By Jeff Cunningham

Old Dominion University hosted an open house and ribbon-cutting ceremony for the new Student Recreation and Well-Being Center (SRWC) on Thursday, March 28.

The expanded space on 4700 Powhatan Avenue now houses the Student Recreation Center, the Office of Counseling Services, Student Health Services and the Health Promotion Office—all of which have relocated from Webb Center.

“The Student Recreation and Well-Being Center is yet another sign of our commitment to putting students first, but it also represents a one-stop shop on many levels,” said ODU President Brian O. Hemphill, Ph.D., during the ceremony. “We are truly committed to care for each student’s mind, body and soul. The idea of providing a holistic, well-rounded area that really focuses on health and well-being is something that we are proud of.”

Student Health Services is now located on the first floor of the SRWC, in Suite 1402. Both the Office of Counseling Services (Suite 2403) and the Health Promotion Office (Suite 2026) are on the second floor.

“Having well-being services centralized on campus is a great step forward in providing comprehensive programs and services for our students,” said Coulson Thomas, director of recreation and wellness.

Brandi Hephner LeBanc, vice president of Student Enrollment and Engagement Services (SEES), cited data that listed stress, anxiety and depression as leading academic impediments and that more than half of ODU students scored positive for loneliness and struggled to connect with their peers.

Which, she added, is why these integrated spaces are so important.

“Wellness and well-being are two distinct concepts that are keenly interrelated,” LaBanc said during the ceremony. “Wellness speaks to activities, practices and habits that contribute to your physical health, while well-being is a state of mind that encompasses your mental and emotional health.”

After the ribbon cutting, attendees were offered tours of all three spaces. 

The new Student Health Services office provides ODU students with a multitude of services: more than 10 examination rooms, a tele-visit facility, an in-house lab (for blood work and other medical tests) and a procedure room.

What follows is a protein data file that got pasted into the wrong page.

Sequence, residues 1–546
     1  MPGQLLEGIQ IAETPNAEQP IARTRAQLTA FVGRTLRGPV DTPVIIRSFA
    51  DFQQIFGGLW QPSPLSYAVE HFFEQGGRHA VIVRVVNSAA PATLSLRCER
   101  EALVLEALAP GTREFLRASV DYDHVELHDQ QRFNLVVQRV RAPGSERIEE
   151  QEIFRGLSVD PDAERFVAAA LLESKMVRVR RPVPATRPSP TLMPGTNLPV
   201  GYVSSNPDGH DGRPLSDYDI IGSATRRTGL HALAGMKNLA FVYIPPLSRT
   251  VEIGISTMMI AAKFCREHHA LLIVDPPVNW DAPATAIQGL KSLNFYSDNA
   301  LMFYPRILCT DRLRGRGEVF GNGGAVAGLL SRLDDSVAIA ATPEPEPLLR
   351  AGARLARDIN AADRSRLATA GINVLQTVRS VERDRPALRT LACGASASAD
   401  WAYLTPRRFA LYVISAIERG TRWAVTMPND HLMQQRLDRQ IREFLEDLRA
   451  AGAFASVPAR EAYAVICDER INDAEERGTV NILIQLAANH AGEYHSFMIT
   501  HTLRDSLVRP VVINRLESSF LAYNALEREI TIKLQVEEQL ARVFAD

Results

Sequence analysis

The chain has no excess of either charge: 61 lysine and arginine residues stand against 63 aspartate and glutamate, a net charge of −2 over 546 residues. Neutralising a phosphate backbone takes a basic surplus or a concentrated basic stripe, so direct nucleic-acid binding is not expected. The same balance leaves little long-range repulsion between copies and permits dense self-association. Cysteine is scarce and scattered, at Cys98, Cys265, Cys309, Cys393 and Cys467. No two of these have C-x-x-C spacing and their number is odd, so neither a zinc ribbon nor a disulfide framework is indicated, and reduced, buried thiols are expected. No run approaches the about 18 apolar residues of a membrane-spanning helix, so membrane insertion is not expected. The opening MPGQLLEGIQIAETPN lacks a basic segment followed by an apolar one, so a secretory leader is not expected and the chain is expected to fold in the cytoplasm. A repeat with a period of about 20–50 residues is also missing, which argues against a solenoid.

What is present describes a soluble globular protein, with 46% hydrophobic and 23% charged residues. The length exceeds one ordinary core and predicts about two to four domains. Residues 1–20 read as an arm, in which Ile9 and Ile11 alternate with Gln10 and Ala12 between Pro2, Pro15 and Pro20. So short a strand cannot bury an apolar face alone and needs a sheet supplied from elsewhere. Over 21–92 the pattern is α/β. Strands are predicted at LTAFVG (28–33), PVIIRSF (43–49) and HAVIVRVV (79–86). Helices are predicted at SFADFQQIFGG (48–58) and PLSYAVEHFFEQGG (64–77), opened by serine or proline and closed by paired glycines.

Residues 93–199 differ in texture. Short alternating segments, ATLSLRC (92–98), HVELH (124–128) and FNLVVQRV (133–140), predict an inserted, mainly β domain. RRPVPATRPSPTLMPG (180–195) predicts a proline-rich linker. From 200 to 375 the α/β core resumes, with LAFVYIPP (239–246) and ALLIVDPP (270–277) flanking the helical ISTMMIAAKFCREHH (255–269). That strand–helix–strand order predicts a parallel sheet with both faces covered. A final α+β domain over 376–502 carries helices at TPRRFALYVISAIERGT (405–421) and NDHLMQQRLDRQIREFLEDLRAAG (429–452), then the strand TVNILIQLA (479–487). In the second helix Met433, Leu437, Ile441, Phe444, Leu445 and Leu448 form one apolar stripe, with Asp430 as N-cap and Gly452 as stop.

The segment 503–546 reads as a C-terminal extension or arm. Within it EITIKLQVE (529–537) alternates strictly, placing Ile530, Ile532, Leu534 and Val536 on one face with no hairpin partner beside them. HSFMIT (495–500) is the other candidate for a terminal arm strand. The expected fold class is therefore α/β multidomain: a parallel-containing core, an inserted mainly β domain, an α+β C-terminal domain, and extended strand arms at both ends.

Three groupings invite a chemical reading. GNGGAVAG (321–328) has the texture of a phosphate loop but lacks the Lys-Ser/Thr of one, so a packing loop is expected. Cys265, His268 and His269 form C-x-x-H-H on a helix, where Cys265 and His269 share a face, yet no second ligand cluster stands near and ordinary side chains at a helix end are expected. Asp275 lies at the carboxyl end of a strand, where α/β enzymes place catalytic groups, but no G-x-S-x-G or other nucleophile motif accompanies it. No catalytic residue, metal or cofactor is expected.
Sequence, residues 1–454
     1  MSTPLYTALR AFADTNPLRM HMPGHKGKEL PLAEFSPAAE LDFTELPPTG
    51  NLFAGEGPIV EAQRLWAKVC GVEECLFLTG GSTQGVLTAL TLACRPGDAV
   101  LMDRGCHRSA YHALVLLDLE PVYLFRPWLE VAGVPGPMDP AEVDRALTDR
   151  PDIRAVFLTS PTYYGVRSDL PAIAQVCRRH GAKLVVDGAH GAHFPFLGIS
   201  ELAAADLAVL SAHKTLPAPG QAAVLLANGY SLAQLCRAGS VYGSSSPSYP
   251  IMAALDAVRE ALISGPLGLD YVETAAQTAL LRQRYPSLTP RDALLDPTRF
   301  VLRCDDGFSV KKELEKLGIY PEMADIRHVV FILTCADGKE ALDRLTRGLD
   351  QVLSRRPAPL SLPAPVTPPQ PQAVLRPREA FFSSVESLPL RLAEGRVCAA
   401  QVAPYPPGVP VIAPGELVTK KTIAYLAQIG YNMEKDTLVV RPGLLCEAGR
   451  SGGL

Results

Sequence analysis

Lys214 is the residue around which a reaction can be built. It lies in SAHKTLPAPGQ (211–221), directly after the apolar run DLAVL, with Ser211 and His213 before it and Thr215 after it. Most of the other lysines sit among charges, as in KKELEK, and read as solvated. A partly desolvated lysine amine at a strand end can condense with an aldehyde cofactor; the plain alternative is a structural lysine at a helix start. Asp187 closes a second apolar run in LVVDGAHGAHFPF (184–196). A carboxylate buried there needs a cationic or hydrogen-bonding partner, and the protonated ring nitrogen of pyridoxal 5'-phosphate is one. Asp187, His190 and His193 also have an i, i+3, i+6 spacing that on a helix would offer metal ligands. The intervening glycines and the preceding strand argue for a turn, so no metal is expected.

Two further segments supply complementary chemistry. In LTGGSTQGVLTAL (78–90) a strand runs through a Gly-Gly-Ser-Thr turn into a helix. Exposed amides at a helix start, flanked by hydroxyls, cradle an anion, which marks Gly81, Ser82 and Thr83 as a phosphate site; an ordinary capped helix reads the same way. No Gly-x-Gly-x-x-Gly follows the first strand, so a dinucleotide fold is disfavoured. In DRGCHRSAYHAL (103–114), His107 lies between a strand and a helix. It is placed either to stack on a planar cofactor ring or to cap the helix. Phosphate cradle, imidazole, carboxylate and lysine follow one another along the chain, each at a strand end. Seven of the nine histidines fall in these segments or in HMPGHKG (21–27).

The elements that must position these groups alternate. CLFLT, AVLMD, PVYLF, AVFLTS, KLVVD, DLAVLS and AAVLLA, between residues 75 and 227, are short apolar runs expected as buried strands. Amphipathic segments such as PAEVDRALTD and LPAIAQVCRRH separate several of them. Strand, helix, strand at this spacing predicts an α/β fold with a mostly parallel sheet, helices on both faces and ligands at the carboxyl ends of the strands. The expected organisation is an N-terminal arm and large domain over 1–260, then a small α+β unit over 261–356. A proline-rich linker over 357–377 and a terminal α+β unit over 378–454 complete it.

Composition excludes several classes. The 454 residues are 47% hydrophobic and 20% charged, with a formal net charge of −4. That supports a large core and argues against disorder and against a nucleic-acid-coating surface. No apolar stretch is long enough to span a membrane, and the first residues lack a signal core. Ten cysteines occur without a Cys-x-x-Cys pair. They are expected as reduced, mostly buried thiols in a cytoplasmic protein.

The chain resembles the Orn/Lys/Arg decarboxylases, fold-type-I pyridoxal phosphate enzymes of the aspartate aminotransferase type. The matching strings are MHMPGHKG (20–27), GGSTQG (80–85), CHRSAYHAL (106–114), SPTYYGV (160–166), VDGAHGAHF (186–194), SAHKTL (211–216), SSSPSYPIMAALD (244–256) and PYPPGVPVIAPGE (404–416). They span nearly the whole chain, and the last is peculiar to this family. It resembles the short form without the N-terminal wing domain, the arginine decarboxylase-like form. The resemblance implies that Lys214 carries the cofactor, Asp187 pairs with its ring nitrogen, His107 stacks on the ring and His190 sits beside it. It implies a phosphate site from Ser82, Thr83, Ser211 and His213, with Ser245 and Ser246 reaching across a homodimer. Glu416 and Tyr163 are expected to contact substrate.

Photo of a hospital bed in a medical room

A procedure room in the Student Health Services office.

Students can receive primary medical care including diagnosis and management of injuries, illnesses and chronic conditions. The center also provides wellness visits and preventative health screenings.

Students can also get multiple vaccinations, including for COVID-19. Other services include prescription management, lab testing, simple procedures, family planning and sexual health testing.

Counseling Services, which saw 2,100 students during the 2022-23 academic year, offers one-on-one counseling, as well as group therapy sessions and an on-site meditation room that students can book in advance.

Students also have access to consultation and psychiatric services, crisis intervention and a variety of workshops.

Group therapy topics range from coping with anxiety to LGBTQIA+-specific mental health needs to safety in relationships, physical activity and body image.

“With the co-location of services, there are more opportunities to provide a continuum of care,” said Dr. Joy Himmel, director of counseling services. “The benefit to students is focused on ease of access and normalizing help-seeking in the framework of well-being.”

Plant wall with a door opening that leads into a hallway

The entrance to the new Counseling Services office.

The Health Promotion Office partners with campus organizations and the greater community to advance health and well-being. Through in-person and virtual events, as well as ODU students who serve as Monarch Wellness Ambassadors, the office helps students with mental and emotional well-being, substance abuse prevention, sexual health and stress management.

Contraceptives and menstrual products are available for free through the office and there is a dietitian on staff in Tracy Conder.

Throughout the open house, the theme was simple: student well-being is not one thing. It contains layers and treating the body need not be separate from treating the mind or the emotions.

In fact, for students to truly thrive personally and academically, all these things need to be considered.

As LaBanc put it: “This building represents the whole person.”